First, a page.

Vancouver was the last Canadian city to play host to the series Global Economic Forecast – The World in 2013 and Beyond that toured across Canada in November of 2012. Put together by HSBC’s Business without Borders unit, this seminar featured perspectives on what is facing the world in both the immediate and not too distant future from two high-caliber speakers: HSBC’s Chief Economist David Watt and Director of the Waterloo Institute for Complexity and Innovation, Dr. Thomas Homer-Dixon.
The first session, presented by David Watt, was an overview of several economic trends and issues that he believes will be key drivers for business opportunities in the near term as well as for the decades ahead. Among the topics covered were how the shortfall in oil production will influence the oil services industry and the potential impact of the “currency wars” being waged between central banks on the Canadian dollar. He also made a call on the forecast for the Bank of Canada to hold Canadian interest rates steady in 2013 in the face of the global economic conditions and actions of international central banks.
One of the most interesting portions of this talk came when David Watt referenced how global economies are expected to unfold into 2050. As part of the report, “The World in 2050” prepared by HSBC Global Research in January 2012, regions such as India and China are expected to have substantial impacts on the rest of the globe’s economies, with the young demographic profile of India being particularly interesting in the decades ahead. Other economies that have been previously overlooked as areas of strong economic growth, such as Peru and the Philippines will also be areas to watch for opportunities.
The next half of the session was presented by Dr. Thomas Homer-Dixon. This portion took a much higher level view of some fairly somber issues confronting the global community. Echoing themes from his book, “The Upside of Down: Catastrophe, Creativity and the Renewal of Civilization”, Dr. Homer-Dixon focused on the capacity of systems to withstand multiple shocks or what he called synchronous failures. Issues such as population growth, environmental change, energy shortages and economic shocks happening all about the same time form a perfect storm to destabilize current societal systems’ abilities to cope in times of crisis. After presenting the daunting statistics about extreme weather events that are being forecast to occur and oil well decline rates for the much hyped shale oil wells, Dr. Homer-Dixon talked about the opportunities for innovation in the face of crisis.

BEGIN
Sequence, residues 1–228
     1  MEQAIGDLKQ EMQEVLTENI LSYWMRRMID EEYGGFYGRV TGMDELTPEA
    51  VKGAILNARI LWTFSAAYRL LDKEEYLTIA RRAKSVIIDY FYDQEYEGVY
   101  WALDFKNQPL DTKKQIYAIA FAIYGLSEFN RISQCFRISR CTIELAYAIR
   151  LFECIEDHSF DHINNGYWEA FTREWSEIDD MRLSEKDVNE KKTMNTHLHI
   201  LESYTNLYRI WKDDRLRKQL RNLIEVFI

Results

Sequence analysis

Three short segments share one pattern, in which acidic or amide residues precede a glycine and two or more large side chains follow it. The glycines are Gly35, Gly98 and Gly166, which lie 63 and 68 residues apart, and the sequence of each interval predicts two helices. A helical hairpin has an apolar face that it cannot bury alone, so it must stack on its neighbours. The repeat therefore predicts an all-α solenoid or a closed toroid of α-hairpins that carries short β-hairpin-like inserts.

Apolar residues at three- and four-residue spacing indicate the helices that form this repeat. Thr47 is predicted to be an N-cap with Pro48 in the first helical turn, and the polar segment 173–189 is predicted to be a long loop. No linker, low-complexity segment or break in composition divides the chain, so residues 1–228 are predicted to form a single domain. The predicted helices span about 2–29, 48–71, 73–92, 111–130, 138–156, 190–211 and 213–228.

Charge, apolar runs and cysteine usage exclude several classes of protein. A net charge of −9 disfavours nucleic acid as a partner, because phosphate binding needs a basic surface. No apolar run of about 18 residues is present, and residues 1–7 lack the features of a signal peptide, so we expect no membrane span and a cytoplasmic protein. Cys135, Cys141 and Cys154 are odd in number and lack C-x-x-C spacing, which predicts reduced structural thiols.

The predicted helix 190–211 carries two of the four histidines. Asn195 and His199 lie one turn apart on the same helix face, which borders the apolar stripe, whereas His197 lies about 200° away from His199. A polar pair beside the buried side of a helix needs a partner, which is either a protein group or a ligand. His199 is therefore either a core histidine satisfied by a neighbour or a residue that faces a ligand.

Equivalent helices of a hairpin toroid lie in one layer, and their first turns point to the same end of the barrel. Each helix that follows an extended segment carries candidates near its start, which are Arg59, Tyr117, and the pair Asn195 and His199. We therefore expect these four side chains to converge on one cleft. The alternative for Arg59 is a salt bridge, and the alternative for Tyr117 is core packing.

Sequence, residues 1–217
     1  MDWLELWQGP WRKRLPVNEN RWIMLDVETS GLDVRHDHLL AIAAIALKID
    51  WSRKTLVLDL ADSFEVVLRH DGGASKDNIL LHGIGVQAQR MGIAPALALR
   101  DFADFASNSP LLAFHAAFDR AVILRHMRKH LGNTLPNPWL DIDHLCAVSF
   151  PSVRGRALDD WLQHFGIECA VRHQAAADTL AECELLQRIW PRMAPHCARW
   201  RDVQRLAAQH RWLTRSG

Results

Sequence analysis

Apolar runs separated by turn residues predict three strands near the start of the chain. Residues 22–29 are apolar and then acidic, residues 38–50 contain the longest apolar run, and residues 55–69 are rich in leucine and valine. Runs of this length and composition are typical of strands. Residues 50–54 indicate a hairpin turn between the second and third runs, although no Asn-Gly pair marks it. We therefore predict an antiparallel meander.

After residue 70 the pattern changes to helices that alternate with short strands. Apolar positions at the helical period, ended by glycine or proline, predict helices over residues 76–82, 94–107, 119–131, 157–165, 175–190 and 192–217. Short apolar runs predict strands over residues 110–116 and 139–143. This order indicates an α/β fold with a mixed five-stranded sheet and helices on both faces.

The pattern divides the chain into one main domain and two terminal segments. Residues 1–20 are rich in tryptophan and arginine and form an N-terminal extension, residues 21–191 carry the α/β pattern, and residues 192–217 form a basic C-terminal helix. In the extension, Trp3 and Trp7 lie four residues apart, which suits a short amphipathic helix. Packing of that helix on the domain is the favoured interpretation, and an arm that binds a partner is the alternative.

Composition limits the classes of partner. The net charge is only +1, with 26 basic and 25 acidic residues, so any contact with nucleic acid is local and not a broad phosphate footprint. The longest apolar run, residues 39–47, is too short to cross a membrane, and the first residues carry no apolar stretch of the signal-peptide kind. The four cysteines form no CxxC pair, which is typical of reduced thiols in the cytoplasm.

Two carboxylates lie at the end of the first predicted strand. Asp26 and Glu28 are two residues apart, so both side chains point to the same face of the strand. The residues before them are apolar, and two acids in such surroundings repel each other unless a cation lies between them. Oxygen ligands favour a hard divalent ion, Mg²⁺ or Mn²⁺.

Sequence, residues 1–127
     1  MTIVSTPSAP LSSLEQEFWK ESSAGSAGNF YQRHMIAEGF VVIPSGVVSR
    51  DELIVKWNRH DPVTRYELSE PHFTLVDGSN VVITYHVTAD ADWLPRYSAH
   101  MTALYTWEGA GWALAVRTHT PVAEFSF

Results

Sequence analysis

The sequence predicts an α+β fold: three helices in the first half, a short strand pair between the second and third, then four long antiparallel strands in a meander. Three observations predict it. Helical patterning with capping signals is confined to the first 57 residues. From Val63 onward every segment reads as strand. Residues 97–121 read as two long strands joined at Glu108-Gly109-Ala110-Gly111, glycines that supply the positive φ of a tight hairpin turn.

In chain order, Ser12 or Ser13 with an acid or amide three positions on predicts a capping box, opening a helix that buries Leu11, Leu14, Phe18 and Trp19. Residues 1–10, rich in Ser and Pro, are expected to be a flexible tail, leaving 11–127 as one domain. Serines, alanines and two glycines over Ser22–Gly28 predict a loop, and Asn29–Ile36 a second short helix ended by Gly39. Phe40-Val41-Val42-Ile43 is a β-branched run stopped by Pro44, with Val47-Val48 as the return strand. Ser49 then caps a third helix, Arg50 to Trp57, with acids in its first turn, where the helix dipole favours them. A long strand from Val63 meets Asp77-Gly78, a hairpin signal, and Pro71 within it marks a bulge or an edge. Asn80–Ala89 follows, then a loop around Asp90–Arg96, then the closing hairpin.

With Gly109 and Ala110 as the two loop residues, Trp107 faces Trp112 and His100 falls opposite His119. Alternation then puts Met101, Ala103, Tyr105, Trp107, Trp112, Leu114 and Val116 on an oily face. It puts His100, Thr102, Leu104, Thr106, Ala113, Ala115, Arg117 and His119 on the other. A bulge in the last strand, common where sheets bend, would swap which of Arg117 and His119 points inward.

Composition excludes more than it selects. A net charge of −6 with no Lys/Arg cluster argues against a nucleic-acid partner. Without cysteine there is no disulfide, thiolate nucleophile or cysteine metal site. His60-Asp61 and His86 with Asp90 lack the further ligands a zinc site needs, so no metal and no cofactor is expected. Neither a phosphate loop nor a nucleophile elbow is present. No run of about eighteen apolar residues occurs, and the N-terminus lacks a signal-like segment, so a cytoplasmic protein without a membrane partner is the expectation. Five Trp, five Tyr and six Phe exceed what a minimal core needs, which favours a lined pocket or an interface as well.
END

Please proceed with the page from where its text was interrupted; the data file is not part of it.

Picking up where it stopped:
The first innovation strategy is development of general purpose technologies in the energy sector which can alter how energy is gathered, stored, transferred or used. Given the immense challenges facing the world in accessing affordable energy, the type of innovation required is substantial and the need urgent. The second major strategy that can be employed is building resilience. Of the many ways in which this resilience can be built, a particularly interesting one was to mitigate some of the connections in key systems that currently exist today that let things like “flash crashes” cascade as quickly as they do. As a civilization it appears that humankind has a struggle ahead to properly reign in its own capacity for “innovation”.
Overall this event was a great opportunity to get exposure to some unique perspectives about the possible directions the world may head in and the reasons why it might go there. While ‘predicting’ the future is always a tricky exercise, especially when looking so far into the future, going through the evidence and arguments is genuinely value added, especially when ideas for innovation are linked to possible investment themes. When most of the financial media is fixated on reporting momentary fluctuations in markets and politics, it is refreshing to take a step back and look out to where the longer-term trends and megatrends are pointing our society.
In addition to the complimentary admission and breakfast, and some great speakers, organizers gave out some serious food for thought as a bonus for attending the session: audience members received free copies of the World in 2050 report by HSBC as well as the book by Thomas Homer-Dixon, “The Upside of Down: Catastrophe, Creativity and the Renewal of Civilization.”
To learn more about the Business without Borders website and their future events, you can access their website at http://www.bwob.ca/.